Last updated on February 24th, 2021 at 05:52 pm
Marijuana reform is sweeping the nation, and every year it seems that more and more starts are adopting new laws and regulations related to the use of this drug. Recently, Utah joined the ranks by passing Utah Proposition 2 by a majority. This law allows the use of medical cannabis if patients are found to have a qualifying illness and be recommended by a physician to start receiving the drug for medical use.
It’s a slow process, but it’s likely that medical cannabis cards will begin to be issued by March of 2020 at the very latest. That’s great news for patients who suffer from illnesses, but currently, the law lacks provision related to employers.
The law defines qualifying illnesses as any type of medical condition that can be considered persistent, chronic, and debilitating. Some of the conditions included in this definition are:
• Alzheimer’s disease
• Crohn’s Disease
• Ulcerative colitis
• Any condition that causes persistent pain
• Any condition that causes persistent muscle spasms
• And more
And, if a patient suffers chronic debilitating pain that they can’t use other pain medications for, a doctor may recommend the use of medical marijuana instead. The law also requires that cannabis cardholders don’t smoke marijuana using a device that creates combustion at a temperature greater than 750 degrees Fahrenheit.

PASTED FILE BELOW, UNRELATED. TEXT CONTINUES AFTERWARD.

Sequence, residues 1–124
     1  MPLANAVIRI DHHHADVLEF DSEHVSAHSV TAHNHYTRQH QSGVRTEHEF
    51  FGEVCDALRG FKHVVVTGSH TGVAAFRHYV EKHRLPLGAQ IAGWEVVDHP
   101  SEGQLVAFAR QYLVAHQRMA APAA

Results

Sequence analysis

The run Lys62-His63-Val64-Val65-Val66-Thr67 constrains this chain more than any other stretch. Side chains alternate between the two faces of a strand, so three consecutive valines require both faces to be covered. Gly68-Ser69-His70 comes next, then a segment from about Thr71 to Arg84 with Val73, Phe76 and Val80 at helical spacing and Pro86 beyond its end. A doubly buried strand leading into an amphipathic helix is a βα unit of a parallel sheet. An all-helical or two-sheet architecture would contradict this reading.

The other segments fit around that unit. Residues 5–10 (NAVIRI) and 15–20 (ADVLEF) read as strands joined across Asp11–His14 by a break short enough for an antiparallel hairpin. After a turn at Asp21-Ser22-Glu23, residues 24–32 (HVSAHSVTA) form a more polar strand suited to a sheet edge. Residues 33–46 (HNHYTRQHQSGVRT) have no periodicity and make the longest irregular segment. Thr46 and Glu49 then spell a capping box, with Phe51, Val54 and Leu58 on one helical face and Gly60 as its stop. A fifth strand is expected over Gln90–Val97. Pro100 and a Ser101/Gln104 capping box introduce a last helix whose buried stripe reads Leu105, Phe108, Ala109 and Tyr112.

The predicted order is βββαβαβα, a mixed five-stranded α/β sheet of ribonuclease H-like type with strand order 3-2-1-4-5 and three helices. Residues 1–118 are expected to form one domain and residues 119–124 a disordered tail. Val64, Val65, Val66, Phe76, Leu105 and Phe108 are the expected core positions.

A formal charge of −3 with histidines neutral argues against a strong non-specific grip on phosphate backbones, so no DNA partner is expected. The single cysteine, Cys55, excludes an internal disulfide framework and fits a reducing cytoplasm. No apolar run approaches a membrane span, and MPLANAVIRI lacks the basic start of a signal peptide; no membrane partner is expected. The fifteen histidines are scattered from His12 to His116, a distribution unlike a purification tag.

But while that’s great for patients, what does it mean for employers? Traditionally, the use of a 5-panel drug test has been used to conduct pre-hiring screening as well as to conduct ‘reasonable suspicion’ drug testing and random testing. But now that some employees may be able to use marijuana to treat their illnesses, what does that mean for employers?
At the moment, it’s unclear. There are no provisions in the new law concerning employers, which means that they should be able to create their own drug policies – especially if the workplace is one that is dangerous or reliant on employees being clear headed. But, a 5 panel drug test won’t be able to determine if an employee has been using their medical marijuana outside of work as allowed by law or if they’re high while on the job.
Employers will need to consider the new regulations and update their drug policies accordingly in order to ensure that they remain in compliance. They may still need to use drug testing facilities in Salt Lake City and throughout Utah